Yield farming 

Another DeFi use case and one of the most  promising is yield farming. (4) Yield farming  involves providing liquidity or lending out cryptocurrency to a DeFi protocol that puts it in a smart contract-based (trading or lending) liquidity pool in exchange for interest  or trading fees plus liquidity provider tokens that can then be staked in a yield farm to earn additional yield. These returns are expressed as an annual percentage yield (APY). Often the amount of interest earned or paid is less important than the amount of  governance tokens one can earn by lending  or borrowing (or both). Users earn tokens by locking cryptocurrencies in smart contracts running on the exchange’s trading plat forms. This protocol essentially means that a crypto-holder can farm for more crypto-tokens by using the existing tokens. There are a lot of diferent and sometimes very complex strategies to do this type of farming.  However, the most popular one is where a  platform consistently moves the user’s tokens between a number of lending platforms in  search for a higher return on a blockchain  like Ethereum. 

Liquidity mining 

Another area that is likely to grow in importance is liquidity mining. Providing liquidity is hugely important for the healthy running of decentralised exchanges  (DExs), although it is currently held back by the threat of impermanent loss (where providers risk losing some of their initial  investment due to price changes). Reducing impermanent loss is imperative to the development of liquidity mining. New formulae for automatic market makers that reduce impermanent loss are being developed, and the results look promising. 

Prediction markets 

Prediction markets are platforms where individuals can make predictions on the realisation of future events. These markets allow people to bet on the price of a currency, stock prices or the results of a future event like sporting events or elections and more. DeFi opens these markets for participation. In DeFi, prediction markets are intermediary-free, more accessible and typically have lower fees compared to centralised prediction markets.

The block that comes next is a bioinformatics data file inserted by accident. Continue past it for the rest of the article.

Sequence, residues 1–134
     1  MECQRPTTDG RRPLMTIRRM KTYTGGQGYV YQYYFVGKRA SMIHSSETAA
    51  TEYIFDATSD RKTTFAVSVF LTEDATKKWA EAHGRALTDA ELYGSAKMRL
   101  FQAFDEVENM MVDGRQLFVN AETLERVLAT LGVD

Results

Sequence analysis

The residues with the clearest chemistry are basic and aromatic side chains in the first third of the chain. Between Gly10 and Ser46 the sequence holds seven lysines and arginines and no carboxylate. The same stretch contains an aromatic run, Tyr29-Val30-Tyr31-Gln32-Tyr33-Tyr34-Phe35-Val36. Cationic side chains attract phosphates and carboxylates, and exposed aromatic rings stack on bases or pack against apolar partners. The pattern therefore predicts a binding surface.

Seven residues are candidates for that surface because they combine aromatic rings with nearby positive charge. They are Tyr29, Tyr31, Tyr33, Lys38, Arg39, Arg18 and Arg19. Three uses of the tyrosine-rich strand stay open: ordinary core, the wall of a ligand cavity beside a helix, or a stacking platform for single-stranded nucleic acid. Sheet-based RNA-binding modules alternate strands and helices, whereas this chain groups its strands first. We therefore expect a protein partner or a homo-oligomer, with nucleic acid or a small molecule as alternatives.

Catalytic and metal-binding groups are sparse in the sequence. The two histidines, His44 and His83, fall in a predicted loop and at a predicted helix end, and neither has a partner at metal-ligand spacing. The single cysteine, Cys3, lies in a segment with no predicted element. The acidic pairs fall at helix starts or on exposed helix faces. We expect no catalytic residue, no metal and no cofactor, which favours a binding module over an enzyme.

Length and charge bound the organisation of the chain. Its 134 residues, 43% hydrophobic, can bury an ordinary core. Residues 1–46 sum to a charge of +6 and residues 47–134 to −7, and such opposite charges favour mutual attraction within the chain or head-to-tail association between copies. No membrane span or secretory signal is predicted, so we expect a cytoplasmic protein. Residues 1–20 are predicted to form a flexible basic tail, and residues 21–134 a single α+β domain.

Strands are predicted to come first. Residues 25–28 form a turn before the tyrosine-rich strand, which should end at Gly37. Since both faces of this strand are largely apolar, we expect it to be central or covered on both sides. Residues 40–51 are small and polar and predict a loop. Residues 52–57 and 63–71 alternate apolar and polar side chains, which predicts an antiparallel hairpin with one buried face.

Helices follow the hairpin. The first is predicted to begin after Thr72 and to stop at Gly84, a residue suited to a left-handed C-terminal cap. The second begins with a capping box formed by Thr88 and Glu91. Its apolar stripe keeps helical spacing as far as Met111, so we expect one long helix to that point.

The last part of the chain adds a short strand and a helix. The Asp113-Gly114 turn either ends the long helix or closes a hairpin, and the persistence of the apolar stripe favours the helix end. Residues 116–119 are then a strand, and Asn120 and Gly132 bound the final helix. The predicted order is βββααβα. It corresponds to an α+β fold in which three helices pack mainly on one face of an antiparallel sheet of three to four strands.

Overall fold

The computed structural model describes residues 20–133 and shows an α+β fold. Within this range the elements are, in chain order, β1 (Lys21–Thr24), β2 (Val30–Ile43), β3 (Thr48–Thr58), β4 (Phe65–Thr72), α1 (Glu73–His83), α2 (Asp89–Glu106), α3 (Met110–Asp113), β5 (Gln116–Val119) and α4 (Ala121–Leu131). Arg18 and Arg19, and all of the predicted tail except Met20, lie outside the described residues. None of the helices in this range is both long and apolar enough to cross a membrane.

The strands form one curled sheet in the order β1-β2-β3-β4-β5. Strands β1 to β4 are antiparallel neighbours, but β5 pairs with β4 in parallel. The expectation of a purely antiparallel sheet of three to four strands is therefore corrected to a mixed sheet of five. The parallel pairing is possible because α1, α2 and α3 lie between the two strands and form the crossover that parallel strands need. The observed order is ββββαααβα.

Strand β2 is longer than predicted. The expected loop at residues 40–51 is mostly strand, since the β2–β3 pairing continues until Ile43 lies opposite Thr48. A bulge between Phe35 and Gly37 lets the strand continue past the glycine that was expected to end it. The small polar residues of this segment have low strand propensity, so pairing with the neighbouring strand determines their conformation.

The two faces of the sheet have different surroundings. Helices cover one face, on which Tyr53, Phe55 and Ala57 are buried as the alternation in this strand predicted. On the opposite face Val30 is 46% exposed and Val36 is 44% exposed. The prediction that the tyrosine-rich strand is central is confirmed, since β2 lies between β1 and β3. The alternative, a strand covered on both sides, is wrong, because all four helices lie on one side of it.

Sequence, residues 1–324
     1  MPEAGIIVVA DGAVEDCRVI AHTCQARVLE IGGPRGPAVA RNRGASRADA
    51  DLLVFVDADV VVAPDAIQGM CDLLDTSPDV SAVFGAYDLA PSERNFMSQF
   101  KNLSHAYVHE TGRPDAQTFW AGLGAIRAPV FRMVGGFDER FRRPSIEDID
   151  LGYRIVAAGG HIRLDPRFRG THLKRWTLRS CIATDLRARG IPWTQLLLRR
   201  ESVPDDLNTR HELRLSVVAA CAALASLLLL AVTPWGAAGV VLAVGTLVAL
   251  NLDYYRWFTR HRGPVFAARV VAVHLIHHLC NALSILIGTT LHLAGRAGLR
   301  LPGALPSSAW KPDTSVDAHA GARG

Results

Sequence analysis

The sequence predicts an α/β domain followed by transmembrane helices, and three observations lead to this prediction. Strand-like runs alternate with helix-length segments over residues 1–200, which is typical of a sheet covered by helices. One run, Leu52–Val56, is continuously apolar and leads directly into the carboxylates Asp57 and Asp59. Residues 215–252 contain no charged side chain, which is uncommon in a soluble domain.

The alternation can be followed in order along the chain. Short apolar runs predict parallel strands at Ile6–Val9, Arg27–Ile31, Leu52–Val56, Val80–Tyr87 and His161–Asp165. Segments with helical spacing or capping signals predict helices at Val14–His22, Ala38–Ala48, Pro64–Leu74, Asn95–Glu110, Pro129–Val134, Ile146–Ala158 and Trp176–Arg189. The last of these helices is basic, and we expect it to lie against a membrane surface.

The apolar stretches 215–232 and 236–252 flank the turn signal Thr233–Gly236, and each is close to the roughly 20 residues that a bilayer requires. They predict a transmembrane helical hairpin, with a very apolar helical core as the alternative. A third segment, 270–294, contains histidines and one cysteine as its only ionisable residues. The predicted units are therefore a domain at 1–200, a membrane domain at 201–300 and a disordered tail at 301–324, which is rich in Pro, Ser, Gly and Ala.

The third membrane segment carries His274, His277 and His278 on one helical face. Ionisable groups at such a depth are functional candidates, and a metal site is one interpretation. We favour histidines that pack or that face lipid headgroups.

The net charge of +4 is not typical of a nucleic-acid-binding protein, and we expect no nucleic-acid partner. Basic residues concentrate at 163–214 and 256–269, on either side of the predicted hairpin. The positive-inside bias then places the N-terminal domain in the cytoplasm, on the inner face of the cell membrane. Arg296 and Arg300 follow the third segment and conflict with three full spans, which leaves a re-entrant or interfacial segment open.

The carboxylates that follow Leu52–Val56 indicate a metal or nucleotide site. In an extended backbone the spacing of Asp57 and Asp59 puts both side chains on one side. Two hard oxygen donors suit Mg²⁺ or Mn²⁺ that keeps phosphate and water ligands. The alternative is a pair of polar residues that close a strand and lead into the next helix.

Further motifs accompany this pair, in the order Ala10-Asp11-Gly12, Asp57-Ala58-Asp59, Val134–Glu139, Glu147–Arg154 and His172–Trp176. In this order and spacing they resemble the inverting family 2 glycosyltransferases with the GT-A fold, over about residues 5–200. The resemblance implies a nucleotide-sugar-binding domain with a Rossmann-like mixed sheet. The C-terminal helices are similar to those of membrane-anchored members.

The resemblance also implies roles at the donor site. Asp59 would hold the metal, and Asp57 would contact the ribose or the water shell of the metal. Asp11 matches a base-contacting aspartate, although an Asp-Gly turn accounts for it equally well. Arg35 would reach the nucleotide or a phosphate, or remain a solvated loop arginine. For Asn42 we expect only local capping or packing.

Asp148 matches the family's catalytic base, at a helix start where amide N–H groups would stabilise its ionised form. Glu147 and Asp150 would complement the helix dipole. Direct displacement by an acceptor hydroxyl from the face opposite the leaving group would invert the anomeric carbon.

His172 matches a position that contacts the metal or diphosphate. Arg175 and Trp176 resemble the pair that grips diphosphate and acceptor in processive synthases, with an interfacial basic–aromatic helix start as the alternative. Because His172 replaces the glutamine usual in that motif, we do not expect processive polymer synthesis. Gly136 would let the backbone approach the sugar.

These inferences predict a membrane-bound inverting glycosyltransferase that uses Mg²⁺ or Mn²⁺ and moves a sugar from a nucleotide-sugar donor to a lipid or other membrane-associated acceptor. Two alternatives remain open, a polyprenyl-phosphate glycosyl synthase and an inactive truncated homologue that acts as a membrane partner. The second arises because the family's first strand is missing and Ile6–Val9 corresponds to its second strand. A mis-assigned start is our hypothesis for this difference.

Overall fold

THE DEFI ECOSYSTEM 

With the emergence of DeFi, a completely new ecosystem of platforms, working applications and protocols is developing through which borrowers, lenders and investors can undertake bank-like transactions with out banks. Decentralised platforms entered  the financial scene including decentralised banks (lending and borrowing), decentralised exchanges, decentralised insurances,  etc. This has also attracted a growing number of fintech companies, challenger banks and neobanks or cryptobanks that are disrupting the traditional financial system across the world with more agile, cheaper and more inclusive services. DeFi banks: Lending and borrowing Lending platforms are one of the most popular DeFi applications. Because borrowers  do not need personal checks, they can access loans faster and geographical barriers do not apply, making loans more obtain able. All they must do is deposit collateral. Lenders can lock cryptocurrency into these  platforms to earn interest, while users can borrow stablecoins by putting up collateral — 150 per cent of the amount borrowed  is common to account for price volatility.  There are various platforms that deliver  decentralised lending and borrowing services mostly using the Ethereum network.  These include protocols like Aave, Bancor, Compound and MakerDAO, with tens of billions in market size.